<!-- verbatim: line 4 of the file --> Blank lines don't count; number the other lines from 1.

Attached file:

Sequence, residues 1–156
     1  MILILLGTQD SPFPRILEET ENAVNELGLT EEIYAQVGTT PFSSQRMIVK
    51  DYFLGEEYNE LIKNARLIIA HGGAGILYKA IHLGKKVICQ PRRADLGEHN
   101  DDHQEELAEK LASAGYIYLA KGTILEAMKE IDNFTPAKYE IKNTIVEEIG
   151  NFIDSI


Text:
   101  DDHQEELAEK LASAGYIYLA KGTILEAMKE IDNFTPAKYE IKNTIVEEIG